In February 2021, that same councillor Jane Fogel put forward a motion to delay review of Halton’s Official Plan, because COVID-19 was impeding public consultation.   

 “I recognize that the COVID-19 pandemic has negated our ability to gather but the Region’s OP has significant implications to our already dwindling farmland which we know, is integral to our food sustainability,” said Fogel.   

 “They unanimously said they were going to delay,” Michelle explained. “But now there’s some options in Halton around boundary expansion and that hasn’t been settled yet.”   

 GASP had been a key advocacy group pushing for the review delay.   

 “A couple of us thought, why don’t we take this to Hamilton?” said Michelle.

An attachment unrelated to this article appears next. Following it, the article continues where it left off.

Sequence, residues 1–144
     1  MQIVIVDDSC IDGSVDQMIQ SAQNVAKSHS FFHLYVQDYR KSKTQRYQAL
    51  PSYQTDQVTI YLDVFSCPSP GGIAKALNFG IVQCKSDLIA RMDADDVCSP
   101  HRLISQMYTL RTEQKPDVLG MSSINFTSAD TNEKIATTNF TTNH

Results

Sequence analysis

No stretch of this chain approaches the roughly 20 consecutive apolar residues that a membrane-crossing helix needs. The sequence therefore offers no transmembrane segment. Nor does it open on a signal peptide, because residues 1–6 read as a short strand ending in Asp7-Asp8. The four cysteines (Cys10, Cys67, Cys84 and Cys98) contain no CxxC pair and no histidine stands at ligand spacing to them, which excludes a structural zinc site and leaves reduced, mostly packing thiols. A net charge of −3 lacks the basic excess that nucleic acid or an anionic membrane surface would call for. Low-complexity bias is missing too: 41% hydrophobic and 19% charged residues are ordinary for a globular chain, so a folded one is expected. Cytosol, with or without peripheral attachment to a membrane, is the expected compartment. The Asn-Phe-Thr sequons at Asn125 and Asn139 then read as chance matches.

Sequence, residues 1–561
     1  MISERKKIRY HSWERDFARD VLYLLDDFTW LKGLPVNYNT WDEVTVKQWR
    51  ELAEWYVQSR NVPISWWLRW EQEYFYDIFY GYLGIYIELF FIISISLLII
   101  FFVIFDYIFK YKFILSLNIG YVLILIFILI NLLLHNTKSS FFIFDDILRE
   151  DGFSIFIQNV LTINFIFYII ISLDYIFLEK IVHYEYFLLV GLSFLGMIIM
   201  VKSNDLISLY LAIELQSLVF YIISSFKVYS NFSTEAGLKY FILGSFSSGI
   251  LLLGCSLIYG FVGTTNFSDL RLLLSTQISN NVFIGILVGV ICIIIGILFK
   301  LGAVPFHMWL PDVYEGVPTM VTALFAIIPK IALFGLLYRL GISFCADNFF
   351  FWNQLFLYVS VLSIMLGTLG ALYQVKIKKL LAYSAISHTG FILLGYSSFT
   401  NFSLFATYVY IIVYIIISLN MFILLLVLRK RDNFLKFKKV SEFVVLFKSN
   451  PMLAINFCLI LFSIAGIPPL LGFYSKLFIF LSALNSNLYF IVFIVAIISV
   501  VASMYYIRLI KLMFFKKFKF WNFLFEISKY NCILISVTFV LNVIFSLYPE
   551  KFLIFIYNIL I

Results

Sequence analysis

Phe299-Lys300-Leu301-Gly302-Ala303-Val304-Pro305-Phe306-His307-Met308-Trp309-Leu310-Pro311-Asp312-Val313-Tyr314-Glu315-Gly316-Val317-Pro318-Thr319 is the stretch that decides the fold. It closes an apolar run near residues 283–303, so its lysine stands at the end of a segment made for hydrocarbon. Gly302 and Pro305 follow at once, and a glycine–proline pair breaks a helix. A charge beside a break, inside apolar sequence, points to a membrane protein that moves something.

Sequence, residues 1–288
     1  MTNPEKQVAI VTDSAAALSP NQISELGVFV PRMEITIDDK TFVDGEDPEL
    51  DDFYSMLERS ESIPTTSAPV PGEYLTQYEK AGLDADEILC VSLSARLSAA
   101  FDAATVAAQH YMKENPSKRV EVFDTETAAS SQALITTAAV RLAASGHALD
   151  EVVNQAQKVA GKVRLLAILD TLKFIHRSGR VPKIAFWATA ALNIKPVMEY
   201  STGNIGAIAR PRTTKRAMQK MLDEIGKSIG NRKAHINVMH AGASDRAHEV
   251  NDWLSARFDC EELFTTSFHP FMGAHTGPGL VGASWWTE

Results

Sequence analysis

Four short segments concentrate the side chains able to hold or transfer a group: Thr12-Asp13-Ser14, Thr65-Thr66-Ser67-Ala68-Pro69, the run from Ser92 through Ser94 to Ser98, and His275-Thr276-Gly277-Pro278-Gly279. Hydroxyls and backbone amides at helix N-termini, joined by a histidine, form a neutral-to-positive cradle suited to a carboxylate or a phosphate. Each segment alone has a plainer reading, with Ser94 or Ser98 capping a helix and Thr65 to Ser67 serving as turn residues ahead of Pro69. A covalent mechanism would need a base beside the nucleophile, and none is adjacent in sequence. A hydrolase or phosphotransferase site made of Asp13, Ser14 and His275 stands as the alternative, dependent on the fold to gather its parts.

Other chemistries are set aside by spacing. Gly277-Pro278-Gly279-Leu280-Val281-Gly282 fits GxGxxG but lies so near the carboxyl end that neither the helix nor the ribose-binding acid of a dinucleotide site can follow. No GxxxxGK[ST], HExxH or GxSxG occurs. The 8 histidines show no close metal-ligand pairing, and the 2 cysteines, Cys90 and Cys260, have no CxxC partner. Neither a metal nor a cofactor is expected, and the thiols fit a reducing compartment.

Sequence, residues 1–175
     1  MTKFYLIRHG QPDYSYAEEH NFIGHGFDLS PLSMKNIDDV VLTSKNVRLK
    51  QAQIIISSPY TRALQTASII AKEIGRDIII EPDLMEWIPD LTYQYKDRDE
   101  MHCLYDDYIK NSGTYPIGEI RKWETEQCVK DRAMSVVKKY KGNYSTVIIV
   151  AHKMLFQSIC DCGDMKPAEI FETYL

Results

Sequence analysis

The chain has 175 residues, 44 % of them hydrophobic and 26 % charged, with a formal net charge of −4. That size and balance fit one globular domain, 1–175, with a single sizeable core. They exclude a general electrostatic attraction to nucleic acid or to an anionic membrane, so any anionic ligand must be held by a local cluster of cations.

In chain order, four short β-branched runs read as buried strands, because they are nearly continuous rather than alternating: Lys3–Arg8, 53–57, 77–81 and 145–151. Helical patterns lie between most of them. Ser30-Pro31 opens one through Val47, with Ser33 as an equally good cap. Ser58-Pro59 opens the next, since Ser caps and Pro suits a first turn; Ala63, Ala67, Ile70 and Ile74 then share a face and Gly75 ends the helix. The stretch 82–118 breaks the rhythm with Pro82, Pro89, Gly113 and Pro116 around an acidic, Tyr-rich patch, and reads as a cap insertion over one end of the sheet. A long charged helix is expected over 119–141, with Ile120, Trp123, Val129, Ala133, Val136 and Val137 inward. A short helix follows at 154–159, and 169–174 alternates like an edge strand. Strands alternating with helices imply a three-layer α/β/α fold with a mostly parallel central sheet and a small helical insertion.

A coalition was formed, including Environment HamiltonHamilton 350 and GASP members and Stop Sprawl HamOnt was born.

 In Hamilton, the group wanted to see a delay in the Official Plan review similar to the Halton decision. GASP co-chairs sent letters to councillors around the region urging council to delay.   

Hamilton Needs Housing, a coalition made up of nine development companies sent out postcards claiming Option 1 was better for the city. Activists were not fooled and started #sharpieshenanigans.

 “One of the Hamilton councillors suggested they send a survey around to all citizens about the expansion. But when we saw it, there was no option of no boundary expansion,” said Michelle.